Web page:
Committee recommends Council to approve 5 new communities on outskirts of Calgary – Calgary

After more than 20 hours of discussion spread over two days, a city committee recommends that the city council advance approval of five proposed communities on the outer edge of Calgary.


Late Thursday, the city’s infrastructure and planning committee narrowly voted 6-5 in favor of an amended recommendation that council should move forward approval of the five proposed wards from November’s budget deliberations to September. These five were recommended in a city plan to meet the needs of Calgary’s projected population growth of 88,000 people by 2026.

Three other communities were also included in the original plan, but the administration said they want an analysis to be carried out to see if risks related to “maintenance, operating cost efficiency and absorption” can be mitigated. This report is due in September instead of at the budget talks in November.

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City officials’ original recommendation was to hold permits for the five proposed communities until November, when city councils will set the next four-year budget.

A map of Calgary showing the eight proposed communities recommended for approval by the Calgary City Council.

Global News

“From a governance perspective, it’s really important that we all collectively make big decisions at the right time after carefully considering everything,” said Ward 9 Coun. and committee chairman Gian-Carlo Carra told reporters.

The change came from Ward 12 Coun. Evan Spencer, after an attempt by Ward 1 Coun. Sonya Sharp is delaying approval of all eight proposed new communities until September.

Sharp told committee members that waiting until November “would create another unnecessary barrier to companies starting operations.”

Meanwhile, district 8 district. Courtney Walcott said it was “bad governance” to change the process by bringing forward approval for all eight proposed communities, adding he wanted to see the process play out through the budget process.

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“We don’t know what our budget is yet, it’s not ready yet… to get this process going it takes two months for our industry partners,” Walcott told the committee. “This is now a conversation about sidestepping this to benefit industry versus governance.”

The cost of the proposed communities would be included in funding for 39 previously approved new communities, which are budgeted at $532 million over the next four years. The money would cover transit, roads, utilities and emergency services.

According to the city, while the five proposed communities do not require additional capital funding, they would require $5 million in annual operating funding in the 2023-2026 budget. ‘

“I support these five business cases for the future. I’ve had conversations with many of you who believe all of this is being done on budget,” Spencer told the committee. “These business cases will have minimal impact on the 2023-2026 budget due to previous investments.”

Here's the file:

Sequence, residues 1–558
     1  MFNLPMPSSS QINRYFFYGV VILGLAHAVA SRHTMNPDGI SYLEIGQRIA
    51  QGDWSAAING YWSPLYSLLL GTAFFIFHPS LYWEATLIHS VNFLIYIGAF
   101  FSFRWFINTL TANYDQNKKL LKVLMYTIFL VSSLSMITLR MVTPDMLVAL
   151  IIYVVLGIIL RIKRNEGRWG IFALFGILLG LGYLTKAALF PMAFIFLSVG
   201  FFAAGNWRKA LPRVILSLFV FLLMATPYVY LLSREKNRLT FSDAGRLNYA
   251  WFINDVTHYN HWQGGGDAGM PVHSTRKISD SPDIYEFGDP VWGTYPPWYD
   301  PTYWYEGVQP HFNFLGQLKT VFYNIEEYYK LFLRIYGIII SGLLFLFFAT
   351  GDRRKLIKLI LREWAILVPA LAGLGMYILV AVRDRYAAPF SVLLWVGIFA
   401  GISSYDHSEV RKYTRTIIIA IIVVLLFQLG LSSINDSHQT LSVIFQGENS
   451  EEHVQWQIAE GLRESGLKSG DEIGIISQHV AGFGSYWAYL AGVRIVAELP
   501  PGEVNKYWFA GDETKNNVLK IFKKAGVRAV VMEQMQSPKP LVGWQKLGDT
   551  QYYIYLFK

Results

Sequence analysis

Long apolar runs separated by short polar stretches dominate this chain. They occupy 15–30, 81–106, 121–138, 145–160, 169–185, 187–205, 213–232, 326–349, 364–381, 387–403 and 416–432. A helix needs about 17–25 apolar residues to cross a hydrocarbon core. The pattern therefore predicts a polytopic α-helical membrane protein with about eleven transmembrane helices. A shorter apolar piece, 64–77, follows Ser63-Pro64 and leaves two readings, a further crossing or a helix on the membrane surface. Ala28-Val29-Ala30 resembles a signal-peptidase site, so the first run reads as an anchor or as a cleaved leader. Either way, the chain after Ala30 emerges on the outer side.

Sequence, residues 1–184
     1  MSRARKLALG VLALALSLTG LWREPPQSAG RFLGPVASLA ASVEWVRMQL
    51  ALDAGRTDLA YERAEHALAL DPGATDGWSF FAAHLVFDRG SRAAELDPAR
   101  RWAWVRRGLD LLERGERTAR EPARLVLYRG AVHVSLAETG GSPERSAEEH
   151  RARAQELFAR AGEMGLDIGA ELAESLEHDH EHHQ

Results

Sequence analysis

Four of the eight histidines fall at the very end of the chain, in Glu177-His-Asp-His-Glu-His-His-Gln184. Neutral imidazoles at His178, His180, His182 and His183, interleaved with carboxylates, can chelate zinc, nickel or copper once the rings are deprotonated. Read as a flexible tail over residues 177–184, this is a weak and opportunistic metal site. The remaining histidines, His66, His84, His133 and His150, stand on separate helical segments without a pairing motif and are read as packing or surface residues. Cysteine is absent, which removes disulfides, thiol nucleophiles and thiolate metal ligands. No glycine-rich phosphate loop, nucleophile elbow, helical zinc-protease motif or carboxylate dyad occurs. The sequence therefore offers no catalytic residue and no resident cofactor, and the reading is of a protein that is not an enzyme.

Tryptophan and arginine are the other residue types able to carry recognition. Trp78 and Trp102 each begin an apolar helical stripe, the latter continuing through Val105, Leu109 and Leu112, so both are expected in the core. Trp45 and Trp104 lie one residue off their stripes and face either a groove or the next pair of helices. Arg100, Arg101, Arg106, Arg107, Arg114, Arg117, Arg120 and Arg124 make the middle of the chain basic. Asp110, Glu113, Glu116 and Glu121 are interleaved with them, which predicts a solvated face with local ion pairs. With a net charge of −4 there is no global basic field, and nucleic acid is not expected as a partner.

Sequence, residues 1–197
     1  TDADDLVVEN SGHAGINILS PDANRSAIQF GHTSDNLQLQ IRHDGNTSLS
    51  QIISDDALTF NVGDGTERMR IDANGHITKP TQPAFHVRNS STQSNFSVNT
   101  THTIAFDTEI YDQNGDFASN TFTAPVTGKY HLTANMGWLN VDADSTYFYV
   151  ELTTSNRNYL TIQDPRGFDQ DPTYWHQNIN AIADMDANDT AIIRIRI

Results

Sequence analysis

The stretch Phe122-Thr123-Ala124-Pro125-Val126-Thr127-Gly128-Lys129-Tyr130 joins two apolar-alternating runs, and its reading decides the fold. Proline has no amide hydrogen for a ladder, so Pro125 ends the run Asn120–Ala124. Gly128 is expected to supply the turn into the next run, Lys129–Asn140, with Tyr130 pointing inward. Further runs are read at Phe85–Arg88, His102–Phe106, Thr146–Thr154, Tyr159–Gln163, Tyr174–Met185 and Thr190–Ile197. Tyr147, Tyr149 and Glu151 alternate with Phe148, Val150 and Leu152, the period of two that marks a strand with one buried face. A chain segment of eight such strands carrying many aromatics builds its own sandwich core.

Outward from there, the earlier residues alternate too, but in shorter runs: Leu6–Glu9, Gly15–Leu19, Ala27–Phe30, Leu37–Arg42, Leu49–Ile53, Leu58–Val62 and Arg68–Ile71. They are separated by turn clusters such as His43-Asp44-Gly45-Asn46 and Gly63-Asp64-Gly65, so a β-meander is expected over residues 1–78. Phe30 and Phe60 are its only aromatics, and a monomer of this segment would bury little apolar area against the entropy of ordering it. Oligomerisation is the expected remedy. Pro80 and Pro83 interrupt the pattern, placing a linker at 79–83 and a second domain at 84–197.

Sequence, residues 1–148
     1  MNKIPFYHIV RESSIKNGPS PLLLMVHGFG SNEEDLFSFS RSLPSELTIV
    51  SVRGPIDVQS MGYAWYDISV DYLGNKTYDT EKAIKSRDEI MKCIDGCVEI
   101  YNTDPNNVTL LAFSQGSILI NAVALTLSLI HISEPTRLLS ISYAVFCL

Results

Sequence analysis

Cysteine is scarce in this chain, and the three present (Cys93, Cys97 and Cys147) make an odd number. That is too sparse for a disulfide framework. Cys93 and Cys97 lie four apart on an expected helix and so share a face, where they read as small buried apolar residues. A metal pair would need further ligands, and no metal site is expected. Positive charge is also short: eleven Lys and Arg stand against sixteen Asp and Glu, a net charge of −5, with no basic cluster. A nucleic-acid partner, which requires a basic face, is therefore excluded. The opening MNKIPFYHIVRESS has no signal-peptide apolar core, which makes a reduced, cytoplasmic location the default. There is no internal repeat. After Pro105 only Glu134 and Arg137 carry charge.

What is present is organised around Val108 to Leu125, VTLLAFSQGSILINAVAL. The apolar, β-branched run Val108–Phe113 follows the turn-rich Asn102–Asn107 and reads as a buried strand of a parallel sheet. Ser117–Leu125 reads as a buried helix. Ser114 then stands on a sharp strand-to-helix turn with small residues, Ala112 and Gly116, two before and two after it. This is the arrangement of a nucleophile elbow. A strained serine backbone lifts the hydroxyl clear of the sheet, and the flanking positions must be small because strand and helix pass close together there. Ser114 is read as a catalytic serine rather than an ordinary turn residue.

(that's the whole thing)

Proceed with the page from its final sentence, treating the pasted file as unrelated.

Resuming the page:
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Councilors Andre Chabot, Jennifer Wyness, Dan McLean and Sharp also introduced several amendments asking the administration to continue work on another five proposed new neighborhoods to address concerns before future consideration.

Another amendment recommended the city government consult with the development industry over the current process of permitting and building new communities after the committee heard concerns about the process from developers on Monday.

“The difficult thing about this process is that it feels like we’re picking winners and losers,” Sharp said.

The committee also voted to include research into net-zero emissions targets and climate initiatives in the development of these new communities.

City officials raised their own concerns about the ability to get the work done ahead of budget.

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Carra told the committee that he felt the committee’s move dismantled the city’s processes in favor of the development industry.

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“The signal it sends out is that regardless of what we say we’re going to do, they can influence us and make us do whatever they want,” Carra said. “This is a bad, bad place.”

The report also recommends an additional $232 million over four years for transit, roads and utilities in 250 acres of industrial parks in the city.

An additional $83 million over four years is recommended for established areas in the city, which are expected to cover capacity-building projects and “improve the appeal of established areas.”

The spending decisions for both capital and working capital are reflected in the budget. However, the full list of committee recommendations is yet to be finalized by the city council as a whole at a meeting scheduled for late July.

© 2022 Global News, a division of Corus Entertainment Inc. Committee recommends Council to approve 5 new communities on outskirts of Calgary – Calgary


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